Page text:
It’s a strange time to be living in Britain. From one perspective, things could hardly be worse: the railways are still in a pitifully poor state, following the Hatfield crash months ago; the countryside is stalked by bonfires of diseased carcasses; the weather, never anything to write home about, continues to be biblically bad, with incessant rain and floods.
That’s what you would glean from the newspapers (and foreigners are apparently cancelling travel plans to Britain in droves). But everyday experience isn’t like that. The economy continues to flourish, with unemployment below 1 million for the first time in decades, and inflation at near-record lows. And good sense rules in some quarters of government.
That particularly applies to the recent conclusions of the Patent Office on software and business processes. “The Government�s conclusion is thus to reaffirm the principle that patents are for technological innovations. Software should not be patentable where there is no technological innovation, and technological innovations should not cease to be patentable merely because the innovation lies in software.”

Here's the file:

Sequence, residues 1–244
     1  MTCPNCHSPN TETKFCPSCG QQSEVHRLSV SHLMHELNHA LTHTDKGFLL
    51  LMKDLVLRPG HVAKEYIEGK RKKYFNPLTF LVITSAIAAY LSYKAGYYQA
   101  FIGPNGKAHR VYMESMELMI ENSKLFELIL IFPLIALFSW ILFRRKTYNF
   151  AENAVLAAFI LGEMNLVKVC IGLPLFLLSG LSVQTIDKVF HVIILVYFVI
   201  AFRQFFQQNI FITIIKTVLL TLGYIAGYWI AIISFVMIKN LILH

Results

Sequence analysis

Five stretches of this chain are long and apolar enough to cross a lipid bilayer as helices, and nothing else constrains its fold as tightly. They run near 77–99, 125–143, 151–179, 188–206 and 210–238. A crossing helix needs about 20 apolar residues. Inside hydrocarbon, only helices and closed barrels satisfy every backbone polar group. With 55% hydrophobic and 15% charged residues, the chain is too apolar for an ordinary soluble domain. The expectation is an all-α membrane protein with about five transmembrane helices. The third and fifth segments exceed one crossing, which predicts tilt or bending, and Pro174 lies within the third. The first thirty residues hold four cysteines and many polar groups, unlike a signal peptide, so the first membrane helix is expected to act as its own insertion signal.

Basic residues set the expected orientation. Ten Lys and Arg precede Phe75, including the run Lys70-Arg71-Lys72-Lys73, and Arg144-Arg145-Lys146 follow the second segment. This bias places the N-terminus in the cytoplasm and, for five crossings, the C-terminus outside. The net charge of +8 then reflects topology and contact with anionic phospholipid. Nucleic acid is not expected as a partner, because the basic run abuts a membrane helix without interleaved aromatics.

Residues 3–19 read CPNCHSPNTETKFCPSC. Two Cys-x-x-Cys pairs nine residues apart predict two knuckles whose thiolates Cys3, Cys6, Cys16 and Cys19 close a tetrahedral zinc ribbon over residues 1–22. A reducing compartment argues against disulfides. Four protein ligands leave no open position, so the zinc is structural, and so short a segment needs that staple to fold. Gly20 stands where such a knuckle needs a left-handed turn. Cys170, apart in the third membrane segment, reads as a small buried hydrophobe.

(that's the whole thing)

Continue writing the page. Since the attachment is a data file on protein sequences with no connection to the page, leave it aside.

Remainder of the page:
Going further, “There is no sign, at least to date, of a want of innovation in computer-implemented business methods, and nor was there in the US before business methods became patentable in 1998. Intense innovation has characterised this field. The Government�s conclusion is that those who favour some form of patentability for business methods have not provided the necessary evidence that it would be likely to increase innovation. Unless and until that evidence is available, ways of doing business should remain unpatentable.”
So the lunacy of the Amazon.com One-Click patent can’t exist in the UK. Hallelujah for (not so) small mercies. Now, if only we can work on getting a more Silicon Valley-like climate, maybe Britain could attract and retain a critical mass of independent developers.